Tuesday, July 14, 2015
Kinship Terms and Family Politics
A sister in-law once tried to help in making my children's efforts at learning the English language in a non-native context more difficult when she insisted that they address her as "Big Mama" and not as "Auntie." My children had been taught at school that one's mother's sister is one's "aunt." Their school books had also told them that. They, therefore, could not understand how their mother's elder sister could become their "Big Mama" or "Big Mother." Surely she was their aunt, and not their grandmother, or mother's mother, which, in the local Igbo cultural semiotics would simply become "Big Mama." My sister in-law obviously wanted to use kinship terms in consolidating her power and influence in the extended family relationship. But I did not want to tell the children this so that they would not begin to form negative ideas about her. I simply told them that she was their auntie but that they should address her as she wanted them to. A cultural obligation to encode respect in the choice and use of kinship term is thus sometimes hijacked for other reasons in the Outer Circle of English such as Nigeria.
This family politics in the use of kinship terms indeed connects with cultural notions of respect in the Nigerian context. In this case, what is appropriate in Standard English is considered wrong in the cultural representations of roles and power differences. One’s auntie can only be addressed by this term if she does not perceive that the same is not used in addressing another auntie who has lower status in the family. To avoid this conflict in the delineation of power differences, the speaker has to add some other tag that adequately redresses the problem of leveling. One shouldn’t level aunties and uncles: more elderly aunties and uncles, or richer ones, need a verbal reassurance of the recognition of their superiority. If I have two aunties called Monica and Martina, it is culturally considered disrespectful for me to address them by their first names.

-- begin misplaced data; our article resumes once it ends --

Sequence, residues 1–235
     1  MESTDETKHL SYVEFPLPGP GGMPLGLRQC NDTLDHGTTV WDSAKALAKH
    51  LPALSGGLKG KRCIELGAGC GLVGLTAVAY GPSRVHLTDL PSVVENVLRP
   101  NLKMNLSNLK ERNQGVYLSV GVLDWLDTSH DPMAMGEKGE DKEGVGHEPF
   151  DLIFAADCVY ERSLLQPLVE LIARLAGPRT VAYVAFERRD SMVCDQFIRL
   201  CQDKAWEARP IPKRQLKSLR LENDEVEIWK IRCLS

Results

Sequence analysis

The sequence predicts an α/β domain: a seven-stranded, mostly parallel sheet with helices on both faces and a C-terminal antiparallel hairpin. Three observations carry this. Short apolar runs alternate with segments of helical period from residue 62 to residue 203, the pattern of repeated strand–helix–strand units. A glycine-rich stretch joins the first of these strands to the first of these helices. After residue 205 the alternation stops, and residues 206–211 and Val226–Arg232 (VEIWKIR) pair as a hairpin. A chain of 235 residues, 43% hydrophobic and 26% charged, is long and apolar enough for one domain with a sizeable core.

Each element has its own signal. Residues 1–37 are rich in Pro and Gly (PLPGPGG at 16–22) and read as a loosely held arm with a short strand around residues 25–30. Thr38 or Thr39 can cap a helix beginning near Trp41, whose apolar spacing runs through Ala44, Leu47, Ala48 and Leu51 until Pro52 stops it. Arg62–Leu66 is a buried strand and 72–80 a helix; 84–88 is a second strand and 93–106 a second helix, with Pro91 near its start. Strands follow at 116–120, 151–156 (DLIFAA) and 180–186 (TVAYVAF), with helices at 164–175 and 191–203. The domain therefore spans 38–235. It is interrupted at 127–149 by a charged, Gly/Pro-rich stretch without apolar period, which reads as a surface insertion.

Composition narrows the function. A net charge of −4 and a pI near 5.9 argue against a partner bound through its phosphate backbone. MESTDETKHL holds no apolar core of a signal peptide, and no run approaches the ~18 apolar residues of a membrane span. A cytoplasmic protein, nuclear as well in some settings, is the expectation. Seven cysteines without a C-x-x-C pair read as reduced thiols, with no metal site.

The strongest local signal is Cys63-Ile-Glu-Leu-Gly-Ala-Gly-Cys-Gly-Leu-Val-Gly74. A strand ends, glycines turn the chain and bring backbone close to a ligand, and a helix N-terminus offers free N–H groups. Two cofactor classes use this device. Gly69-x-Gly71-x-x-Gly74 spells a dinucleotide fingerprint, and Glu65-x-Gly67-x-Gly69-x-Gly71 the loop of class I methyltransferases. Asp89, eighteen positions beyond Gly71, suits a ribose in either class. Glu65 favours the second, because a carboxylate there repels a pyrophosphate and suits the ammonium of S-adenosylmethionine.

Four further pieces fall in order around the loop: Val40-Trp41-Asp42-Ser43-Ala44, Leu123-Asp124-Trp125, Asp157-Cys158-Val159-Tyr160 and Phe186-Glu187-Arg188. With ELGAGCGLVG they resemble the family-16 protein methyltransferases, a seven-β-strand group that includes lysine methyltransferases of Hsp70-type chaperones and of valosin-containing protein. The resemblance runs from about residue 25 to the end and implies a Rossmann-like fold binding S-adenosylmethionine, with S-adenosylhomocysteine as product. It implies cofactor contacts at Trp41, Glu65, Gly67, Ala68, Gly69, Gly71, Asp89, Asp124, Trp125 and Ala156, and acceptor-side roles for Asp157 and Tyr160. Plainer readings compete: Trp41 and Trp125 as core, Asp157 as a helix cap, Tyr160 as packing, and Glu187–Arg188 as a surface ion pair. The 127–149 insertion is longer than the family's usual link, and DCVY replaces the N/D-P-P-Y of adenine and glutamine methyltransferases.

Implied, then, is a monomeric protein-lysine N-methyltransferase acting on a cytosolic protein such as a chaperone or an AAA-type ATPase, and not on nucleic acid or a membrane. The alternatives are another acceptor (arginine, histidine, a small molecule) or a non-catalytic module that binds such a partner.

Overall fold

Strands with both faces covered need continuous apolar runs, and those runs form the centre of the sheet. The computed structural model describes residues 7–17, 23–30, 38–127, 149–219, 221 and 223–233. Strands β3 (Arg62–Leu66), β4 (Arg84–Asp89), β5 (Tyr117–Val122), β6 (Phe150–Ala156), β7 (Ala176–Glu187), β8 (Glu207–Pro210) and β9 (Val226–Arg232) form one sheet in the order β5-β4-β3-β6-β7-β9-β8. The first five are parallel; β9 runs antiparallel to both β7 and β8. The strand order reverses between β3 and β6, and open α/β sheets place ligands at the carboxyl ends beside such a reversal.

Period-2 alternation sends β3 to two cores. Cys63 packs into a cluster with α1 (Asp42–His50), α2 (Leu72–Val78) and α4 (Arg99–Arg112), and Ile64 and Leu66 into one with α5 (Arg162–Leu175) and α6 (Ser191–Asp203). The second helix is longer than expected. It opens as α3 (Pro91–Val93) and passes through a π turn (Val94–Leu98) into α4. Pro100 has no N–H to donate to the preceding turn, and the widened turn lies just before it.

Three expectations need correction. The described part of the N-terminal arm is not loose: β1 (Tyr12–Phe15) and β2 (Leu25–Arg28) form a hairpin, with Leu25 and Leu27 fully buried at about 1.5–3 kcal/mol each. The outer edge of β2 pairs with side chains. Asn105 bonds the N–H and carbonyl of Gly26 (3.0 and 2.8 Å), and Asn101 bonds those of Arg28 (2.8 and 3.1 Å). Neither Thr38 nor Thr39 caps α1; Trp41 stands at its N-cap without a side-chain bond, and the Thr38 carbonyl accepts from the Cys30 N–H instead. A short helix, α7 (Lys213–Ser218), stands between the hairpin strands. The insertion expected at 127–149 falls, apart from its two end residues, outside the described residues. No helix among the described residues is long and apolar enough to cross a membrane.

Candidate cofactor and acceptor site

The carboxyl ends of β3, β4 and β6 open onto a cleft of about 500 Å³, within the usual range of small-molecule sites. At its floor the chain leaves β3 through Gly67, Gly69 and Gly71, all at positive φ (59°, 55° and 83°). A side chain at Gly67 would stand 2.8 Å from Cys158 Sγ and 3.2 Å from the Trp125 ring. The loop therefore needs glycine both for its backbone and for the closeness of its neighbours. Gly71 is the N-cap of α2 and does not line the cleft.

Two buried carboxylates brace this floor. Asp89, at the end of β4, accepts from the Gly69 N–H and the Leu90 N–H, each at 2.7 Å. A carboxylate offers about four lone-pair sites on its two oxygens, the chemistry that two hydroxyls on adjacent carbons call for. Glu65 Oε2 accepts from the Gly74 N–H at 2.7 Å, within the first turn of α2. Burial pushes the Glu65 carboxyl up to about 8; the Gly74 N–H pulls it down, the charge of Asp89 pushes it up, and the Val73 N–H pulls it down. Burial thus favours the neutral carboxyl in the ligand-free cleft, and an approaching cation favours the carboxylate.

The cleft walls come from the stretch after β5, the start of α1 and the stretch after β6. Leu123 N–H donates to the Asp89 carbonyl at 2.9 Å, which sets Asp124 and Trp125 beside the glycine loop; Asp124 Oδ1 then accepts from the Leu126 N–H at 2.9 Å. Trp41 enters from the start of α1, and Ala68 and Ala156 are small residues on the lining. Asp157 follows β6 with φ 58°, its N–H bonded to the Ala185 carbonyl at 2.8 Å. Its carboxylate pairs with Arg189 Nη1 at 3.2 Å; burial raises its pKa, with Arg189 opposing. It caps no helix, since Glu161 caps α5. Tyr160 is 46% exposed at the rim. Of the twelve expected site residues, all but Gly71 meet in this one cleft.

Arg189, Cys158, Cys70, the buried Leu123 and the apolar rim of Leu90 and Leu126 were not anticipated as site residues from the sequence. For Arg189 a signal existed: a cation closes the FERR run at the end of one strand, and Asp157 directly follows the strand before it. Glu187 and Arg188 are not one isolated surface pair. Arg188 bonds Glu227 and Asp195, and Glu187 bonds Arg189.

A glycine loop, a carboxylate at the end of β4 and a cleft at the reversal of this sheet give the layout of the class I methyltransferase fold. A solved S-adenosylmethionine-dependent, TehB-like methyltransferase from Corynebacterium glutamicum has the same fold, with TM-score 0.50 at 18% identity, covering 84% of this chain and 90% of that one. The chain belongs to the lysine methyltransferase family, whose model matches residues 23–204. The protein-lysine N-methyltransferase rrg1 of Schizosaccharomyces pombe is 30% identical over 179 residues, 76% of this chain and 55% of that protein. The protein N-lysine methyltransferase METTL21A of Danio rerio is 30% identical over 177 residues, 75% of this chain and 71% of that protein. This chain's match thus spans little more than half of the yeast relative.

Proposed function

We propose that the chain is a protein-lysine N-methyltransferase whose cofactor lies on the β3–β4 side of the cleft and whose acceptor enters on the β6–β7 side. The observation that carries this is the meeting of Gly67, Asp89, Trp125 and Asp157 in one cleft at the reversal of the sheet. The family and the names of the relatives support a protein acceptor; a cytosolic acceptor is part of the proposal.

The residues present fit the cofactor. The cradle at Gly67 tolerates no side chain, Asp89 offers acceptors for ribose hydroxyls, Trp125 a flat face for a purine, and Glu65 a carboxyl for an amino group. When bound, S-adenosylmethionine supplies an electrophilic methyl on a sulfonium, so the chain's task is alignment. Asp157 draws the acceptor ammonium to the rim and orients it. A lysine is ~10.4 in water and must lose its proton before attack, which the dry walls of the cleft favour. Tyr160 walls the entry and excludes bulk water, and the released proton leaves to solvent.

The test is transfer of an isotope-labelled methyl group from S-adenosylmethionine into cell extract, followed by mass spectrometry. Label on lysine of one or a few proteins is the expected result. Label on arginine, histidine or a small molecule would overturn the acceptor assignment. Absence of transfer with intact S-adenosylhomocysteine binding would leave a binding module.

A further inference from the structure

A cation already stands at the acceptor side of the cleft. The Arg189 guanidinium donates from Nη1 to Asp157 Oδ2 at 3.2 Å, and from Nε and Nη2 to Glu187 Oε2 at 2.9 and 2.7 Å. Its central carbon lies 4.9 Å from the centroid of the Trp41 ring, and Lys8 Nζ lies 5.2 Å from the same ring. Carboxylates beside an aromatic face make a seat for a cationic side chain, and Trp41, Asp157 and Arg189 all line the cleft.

My nieces and nephews would not want to address me as “uncle” even when they know that I am their uncle. They would rather call me “broda” as a way of inscribing the notion of closer relationship. To call me “uncle” is to recognize a twice-removed relationship which would not favour them materially or in some other ways. The underlying idea is that a “broda” has obligations to the niece or nephew, which an uncle may be unwilling to recognize. Thus, the strategy in the use of “broda” to represent “uncle” is the minimizing of distance. The same is applicable to the use of the term “sista” to replace “auntie” in some cases. A maximizing of distance is considered inimical to African extended family relationship feelings.
One’s elder sister is also addressed as “sista” (usually articulated with a stress on the final syllable – “sisTA”). As in the case of the use of “broda,” “sista” suggests respect, apart from marking the addressee’s femaleness. In the Igbo setting, one’s elder brother is addressed as “Dee” (or “deede”) and one’s elder sister as “Daada.” These could be used separately or attached to the first names of the addressees (as in “Deede John” and “Dada Monica”). Sometimes, though, “Deede” is used in addressing both male and female elderly relatives. Being addressed as “Deede” or “Daada” has an underlying appeal to affection, protection, and solidarity feelings.